It all started last winter when, after decades of spoon-feeding the American public an infinite litany of anti-pot propaganda pieces, the press rather spontaneously discovered that it's better for business to talk about legalization instead. In an industry that was virtually devoid of voices for reform just a couple years ago, one can now scarcely find a prominent political pundit with anything nice to say about our marijuana laws.

This segment from This Week with George Stephanopoulos might be the best example yet:



Here, let's try to paraphrase that:

George Will: Legalizing marijuana will destroy the drug cartels.
John Podesta: It'll be legal once everyone figures out it can pay for health care.
Laura Ingram: Cancer patients, botox, whatever. Gimme some brownies!
Al Hunt: Now that my kids are all grown-up, I suppose I'm cool with it.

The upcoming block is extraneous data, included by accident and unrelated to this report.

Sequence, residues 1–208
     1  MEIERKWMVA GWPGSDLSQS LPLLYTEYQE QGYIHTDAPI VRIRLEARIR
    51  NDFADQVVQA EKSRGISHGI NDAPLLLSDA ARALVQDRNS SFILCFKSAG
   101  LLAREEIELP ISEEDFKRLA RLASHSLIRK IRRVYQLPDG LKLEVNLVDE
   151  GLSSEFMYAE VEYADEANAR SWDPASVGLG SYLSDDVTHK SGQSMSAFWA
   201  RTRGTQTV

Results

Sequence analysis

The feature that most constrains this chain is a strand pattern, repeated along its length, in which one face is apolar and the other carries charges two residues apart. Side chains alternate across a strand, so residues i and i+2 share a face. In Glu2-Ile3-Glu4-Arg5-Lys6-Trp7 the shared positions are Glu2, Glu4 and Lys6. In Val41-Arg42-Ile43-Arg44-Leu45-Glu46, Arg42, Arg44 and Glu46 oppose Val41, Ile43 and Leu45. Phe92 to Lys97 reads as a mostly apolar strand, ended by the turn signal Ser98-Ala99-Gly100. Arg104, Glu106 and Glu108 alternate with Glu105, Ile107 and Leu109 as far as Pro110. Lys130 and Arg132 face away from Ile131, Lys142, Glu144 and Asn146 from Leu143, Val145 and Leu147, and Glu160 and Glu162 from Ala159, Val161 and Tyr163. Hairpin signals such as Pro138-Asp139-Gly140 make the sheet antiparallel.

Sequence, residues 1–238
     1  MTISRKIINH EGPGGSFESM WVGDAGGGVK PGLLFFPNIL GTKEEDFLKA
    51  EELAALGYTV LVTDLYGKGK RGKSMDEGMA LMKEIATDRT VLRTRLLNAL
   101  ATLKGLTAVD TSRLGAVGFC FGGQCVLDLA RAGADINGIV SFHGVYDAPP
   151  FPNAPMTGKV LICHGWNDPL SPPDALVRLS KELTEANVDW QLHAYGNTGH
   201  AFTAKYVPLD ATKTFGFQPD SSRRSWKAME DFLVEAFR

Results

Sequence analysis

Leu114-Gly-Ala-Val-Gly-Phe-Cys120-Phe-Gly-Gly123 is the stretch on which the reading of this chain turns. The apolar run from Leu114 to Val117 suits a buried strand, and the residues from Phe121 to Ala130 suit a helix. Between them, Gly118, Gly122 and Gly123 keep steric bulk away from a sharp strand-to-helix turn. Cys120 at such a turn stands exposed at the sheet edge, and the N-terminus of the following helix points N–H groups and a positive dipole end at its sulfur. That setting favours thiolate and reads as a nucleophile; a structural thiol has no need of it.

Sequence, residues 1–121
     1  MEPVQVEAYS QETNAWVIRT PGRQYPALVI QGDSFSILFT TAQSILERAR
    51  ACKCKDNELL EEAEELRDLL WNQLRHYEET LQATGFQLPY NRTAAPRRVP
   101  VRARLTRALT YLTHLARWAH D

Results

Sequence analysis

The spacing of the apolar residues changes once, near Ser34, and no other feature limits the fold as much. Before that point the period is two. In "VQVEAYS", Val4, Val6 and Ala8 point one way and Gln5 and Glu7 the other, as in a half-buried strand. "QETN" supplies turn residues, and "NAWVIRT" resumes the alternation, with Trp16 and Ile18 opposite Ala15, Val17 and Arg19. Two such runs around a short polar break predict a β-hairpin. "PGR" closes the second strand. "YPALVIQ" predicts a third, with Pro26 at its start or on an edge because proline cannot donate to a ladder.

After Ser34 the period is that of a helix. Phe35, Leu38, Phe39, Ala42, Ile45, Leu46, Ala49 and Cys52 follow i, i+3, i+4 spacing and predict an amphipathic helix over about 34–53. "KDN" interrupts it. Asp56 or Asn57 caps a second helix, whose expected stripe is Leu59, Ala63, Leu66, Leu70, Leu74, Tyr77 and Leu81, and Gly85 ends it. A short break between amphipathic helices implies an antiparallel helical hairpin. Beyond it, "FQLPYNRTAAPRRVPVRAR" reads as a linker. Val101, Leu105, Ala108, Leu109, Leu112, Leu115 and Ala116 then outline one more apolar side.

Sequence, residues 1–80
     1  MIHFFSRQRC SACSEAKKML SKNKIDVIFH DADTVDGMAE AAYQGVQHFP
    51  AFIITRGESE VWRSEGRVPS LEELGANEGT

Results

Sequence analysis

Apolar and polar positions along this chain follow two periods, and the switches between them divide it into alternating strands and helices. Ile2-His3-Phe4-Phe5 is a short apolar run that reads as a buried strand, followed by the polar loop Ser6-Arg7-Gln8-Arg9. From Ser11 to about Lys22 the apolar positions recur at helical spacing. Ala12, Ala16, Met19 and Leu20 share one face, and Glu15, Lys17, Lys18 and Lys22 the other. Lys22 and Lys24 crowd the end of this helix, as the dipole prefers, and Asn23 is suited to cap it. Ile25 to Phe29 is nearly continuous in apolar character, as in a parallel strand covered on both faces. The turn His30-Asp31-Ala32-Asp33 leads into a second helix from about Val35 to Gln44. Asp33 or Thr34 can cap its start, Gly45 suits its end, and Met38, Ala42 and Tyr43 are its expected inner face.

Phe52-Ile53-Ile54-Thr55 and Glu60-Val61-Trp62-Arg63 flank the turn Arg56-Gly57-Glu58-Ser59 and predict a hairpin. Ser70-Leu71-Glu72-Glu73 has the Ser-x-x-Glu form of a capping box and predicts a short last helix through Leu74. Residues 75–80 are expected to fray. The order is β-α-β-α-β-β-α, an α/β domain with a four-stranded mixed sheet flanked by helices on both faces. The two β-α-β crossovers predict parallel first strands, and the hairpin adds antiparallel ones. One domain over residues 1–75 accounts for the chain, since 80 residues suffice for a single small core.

Cynthia Tucker: Really, we need to rethink all our drug laws, not just marijuana.

That's about as solid a bipartisan consensus as you'll ever see on a Sunday talk show, and you've gotta wonder how much longer the war on marijuana can survive in a political climate like this.

Amsterdam vs. Bill O'Reilly


O'Reilly said a couple pretty nasty things about the Dutch recently, prompting this delightful response from some genius on YouTube:



Now O'Reilly responds to the response, and check how he addresses the question of why rates of marijuana use are lower in the Netherlands than the U.S.:
Why have so many more people in the USA, where marijuana is illegal, tried it? 40% of people in the USA compared to 22.6%...